Why Modi’s Solar Dream Is Faltering
Prime Minister Narendra Modi’s ambitious goal of building 100 gigawatts of solar capacity in India by 2022 is suffering as inconsistent government policies hurt solar developers’ sentiments.
Crisil Research expects India to add 48-50 GW of solar power capacity up to financial year 2023. “The developers’ sentiment has been negatively impacted by the lack of clarity on several policy issues and arbitrary bid cancellations,” it said in a report.
Solar capacity installed in India till January was a little over a quarter of Modi’s 100-GW target, that he hopes to achieve in the next three years.
“The renewable energy domain is highly dependent on policy support and any uncertainty on that front can have negative consequences,” the report said. Crisil continues to monitor it and may raise its expectations once the regulatory risk is mitigated to an extent, according to the report.
The government tried to address some of the concerns, although not in line with the industry’s expectations. That posed risks to future projects.
“There were frequent bid cancellations, lack of clarity on goods and service tax procedures, and cost pressure from the imposition of safeguard duty on imported cells and modules,” Crisil said.
In December, the Goods and Services Tax Council decided that 70 percent of a solar project’s cost would be taxed at 5 percent, while 18 percent would be levied on the remaining contract value. That was higher than what the industry expected, it said.
“Similarly, the safeguard duty has turned out to be a double whammy, impacting costs of solar power projects and not resulting in any significant offtake for the domestic manufacturing sector,” the report said. That coupled with the cancellation of bids after auctions as state utilities found tariffs to be higher than expected, the report said.
Pricing Deadlock And Higher Taxes
The safeguard duty imposed by India on imported solar modules last year to kickstart its domestic manufacturing industry raised project costs by 10-15 percent. That meant higher bid tariffs.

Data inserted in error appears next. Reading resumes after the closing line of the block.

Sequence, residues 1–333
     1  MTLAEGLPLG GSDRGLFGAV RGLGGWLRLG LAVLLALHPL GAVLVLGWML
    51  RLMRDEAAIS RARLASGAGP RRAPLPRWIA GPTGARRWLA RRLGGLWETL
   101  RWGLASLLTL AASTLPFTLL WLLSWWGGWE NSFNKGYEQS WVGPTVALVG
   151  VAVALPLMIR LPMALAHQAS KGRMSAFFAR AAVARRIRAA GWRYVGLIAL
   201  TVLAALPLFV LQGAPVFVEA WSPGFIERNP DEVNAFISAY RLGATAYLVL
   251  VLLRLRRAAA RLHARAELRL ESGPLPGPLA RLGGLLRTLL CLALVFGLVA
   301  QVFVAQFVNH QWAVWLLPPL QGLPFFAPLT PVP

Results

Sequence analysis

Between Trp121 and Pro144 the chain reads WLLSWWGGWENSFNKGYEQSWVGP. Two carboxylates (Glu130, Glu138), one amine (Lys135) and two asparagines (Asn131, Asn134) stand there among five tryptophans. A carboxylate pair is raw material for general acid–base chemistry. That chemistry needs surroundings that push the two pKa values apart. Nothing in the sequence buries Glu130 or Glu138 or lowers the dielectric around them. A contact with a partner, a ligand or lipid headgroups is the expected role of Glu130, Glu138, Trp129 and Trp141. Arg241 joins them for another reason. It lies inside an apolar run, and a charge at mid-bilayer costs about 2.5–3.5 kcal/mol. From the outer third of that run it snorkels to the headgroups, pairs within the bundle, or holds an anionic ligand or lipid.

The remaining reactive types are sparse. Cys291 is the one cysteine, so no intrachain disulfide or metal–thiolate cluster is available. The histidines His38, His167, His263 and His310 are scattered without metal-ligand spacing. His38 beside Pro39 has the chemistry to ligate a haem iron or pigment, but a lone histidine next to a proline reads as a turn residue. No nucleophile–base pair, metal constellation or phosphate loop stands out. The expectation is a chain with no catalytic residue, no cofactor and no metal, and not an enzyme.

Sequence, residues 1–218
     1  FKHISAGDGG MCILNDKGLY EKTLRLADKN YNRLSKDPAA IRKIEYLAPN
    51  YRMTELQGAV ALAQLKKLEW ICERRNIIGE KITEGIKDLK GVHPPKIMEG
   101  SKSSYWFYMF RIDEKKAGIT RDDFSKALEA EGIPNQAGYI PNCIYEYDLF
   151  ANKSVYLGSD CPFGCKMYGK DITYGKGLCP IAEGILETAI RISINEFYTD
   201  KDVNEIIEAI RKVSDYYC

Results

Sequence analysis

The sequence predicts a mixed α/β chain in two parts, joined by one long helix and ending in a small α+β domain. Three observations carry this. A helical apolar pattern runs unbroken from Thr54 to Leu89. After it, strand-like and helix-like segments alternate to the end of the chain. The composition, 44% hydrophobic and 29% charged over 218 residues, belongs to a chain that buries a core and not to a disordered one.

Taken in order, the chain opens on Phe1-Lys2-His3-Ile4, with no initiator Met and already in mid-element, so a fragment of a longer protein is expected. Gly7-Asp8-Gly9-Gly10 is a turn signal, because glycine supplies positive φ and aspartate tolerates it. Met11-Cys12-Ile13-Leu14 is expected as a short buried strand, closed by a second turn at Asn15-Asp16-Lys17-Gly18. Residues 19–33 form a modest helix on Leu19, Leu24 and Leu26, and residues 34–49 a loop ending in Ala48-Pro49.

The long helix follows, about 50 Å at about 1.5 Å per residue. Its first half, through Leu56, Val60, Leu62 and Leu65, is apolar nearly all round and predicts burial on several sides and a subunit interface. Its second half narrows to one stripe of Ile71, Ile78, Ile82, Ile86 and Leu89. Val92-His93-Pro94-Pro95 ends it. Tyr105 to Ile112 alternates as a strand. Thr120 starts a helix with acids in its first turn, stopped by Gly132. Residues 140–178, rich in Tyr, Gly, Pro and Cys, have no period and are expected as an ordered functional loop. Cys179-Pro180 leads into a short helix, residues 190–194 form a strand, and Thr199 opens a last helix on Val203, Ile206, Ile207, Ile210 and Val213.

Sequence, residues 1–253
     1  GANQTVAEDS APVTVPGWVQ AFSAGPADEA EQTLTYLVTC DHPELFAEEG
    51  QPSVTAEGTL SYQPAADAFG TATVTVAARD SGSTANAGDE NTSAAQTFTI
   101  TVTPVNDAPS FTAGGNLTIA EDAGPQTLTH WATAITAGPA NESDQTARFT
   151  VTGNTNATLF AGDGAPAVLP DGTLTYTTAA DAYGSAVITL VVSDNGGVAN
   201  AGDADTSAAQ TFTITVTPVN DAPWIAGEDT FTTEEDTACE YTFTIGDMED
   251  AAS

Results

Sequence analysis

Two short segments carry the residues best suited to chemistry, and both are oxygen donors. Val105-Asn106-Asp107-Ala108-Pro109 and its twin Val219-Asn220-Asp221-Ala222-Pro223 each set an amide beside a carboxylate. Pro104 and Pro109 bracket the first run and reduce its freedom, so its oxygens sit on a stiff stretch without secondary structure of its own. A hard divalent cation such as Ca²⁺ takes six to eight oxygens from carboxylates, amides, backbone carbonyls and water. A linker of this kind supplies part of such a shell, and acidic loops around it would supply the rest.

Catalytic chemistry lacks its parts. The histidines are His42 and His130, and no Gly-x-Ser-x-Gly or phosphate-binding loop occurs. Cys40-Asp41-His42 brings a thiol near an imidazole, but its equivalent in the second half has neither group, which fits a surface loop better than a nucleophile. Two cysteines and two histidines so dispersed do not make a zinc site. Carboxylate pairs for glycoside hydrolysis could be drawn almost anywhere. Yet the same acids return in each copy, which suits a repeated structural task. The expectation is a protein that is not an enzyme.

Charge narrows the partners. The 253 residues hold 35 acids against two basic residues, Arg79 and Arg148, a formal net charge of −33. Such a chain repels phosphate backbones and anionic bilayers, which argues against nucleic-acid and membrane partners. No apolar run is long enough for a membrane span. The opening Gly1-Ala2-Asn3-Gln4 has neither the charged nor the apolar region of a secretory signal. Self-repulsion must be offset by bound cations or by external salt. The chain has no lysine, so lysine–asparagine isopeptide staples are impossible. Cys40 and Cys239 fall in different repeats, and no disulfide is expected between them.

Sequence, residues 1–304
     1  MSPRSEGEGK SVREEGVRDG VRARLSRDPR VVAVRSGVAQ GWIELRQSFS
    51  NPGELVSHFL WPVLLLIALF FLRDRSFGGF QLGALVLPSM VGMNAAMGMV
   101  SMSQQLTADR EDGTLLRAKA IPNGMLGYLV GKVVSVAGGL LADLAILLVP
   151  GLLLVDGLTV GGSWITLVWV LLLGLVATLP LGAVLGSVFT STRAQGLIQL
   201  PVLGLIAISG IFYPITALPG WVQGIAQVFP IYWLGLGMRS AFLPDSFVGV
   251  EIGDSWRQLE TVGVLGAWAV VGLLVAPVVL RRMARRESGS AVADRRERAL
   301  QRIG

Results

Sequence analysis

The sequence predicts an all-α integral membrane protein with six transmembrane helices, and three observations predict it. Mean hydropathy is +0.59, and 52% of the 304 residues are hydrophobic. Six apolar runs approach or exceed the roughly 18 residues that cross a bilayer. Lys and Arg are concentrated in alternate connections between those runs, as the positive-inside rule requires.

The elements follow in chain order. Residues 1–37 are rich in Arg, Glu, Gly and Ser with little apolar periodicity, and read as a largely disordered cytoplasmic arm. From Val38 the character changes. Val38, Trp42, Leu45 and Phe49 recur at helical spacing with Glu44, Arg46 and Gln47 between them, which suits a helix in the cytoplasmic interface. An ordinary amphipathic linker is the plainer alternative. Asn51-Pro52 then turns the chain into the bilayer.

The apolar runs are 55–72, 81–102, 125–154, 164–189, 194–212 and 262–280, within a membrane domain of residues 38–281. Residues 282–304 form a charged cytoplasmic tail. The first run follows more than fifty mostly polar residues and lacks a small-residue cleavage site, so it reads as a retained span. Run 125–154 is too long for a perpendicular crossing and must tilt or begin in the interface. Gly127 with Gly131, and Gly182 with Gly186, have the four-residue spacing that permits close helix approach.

The fresh bid allocations, factoring in higher costs, resulted in “much posturing” by state utility firms, Crisil said. The already allocated capacities were cancelled, lowering developer and investor confidence and discouraging participation in auctions.
As a result, there is a pile-up of tenders in the market with frequent delays in auctioning due to poor bid response. Consequently, the capacity addition pipeline turned weaker for fiscals 2019 and 2020 as commissioning is getting delayed.Crisil Research
The safeguard duty, currently at 25 percent, will come down to 20 percent by Jan. 29, 2020 and to 15 percent at the end of July in the same year. That would ease cost pressures in the long term. But as of now the duty has raised capital costs by 10-15 percent while also increasing bid tariffs in the range of Rs 2.7-2.9 per unit, Crisil said.
The GST Council’s decision also means higher tax across all components required to develop a solar plant, Crisil said. “The final tax rate works out to be 8-9 percent instead of the earlier expected 5 percent, leading to an increase of 3-4 percent on final capital costs.”
Target Achievable, But Conditions Apply
Crisil said it remains “fairly positive” about the government achieving its target by fiscal 2022. “We expect that the duty trajectory, which outlines a decline in safeguard duty rates over a two-year period, would help in lowering cost pressure. But this again has to be coupled with regulatory support.”
Commissioning of projects would slow down in fiscal 2019 due to the duty and GST issue, it said. It, however, will pick up again from fiscal 2020. For all that to happen, Crisil said, policy coherence from the government is needed.
“A consistent regulatory support, adequate land availability, timely implementation of grid infrastructure, and the ability of players to raise low-cost funds are key risks which constrain the outlook.”